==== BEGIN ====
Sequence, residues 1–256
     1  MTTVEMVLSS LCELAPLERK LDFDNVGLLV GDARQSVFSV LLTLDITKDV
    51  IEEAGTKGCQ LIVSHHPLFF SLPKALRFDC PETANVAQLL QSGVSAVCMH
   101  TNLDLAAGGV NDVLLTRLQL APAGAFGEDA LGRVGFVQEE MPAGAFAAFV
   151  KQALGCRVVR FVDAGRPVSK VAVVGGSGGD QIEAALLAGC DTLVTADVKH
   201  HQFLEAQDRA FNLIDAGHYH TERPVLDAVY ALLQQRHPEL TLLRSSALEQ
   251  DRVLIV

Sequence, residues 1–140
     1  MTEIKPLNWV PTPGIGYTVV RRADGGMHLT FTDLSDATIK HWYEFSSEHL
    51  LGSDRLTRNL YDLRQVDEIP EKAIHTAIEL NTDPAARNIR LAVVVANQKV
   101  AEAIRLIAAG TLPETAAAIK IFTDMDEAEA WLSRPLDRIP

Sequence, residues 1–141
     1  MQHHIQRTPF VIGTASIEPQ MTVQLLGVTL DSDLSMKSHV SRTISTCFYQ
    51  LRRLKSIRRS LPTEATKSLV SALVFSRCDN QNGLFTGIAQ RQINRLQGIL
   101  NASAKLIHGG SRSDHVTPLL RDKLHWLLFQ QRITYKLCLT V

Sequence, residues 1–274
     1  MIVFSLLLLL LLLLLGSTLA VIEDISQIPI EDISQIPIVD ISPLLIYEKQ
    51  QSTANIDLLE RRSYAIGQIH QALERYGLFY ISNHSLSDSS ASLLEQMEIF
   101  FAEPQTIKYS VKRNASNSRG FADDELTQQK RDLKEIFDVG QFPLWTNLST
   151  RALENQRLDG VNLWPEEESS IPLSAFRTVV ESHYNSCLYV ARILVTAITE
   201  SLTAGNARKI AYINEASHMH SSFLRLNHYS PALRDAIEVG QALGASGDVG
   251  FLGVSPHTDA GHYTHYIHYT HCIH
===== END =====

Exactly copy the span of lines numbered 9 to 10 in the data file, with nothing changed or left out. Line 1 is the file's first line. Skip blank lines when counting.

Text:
     1  MTEIKPLNWV PTPGIGYTVV RRADGGMHLT FTDLSDATIK HWYEFSSEHL
    51  LGSDRLTRNL YDLRQVDEIP EKAIHTAIEL NTDPAARNIR LAVVVANQKV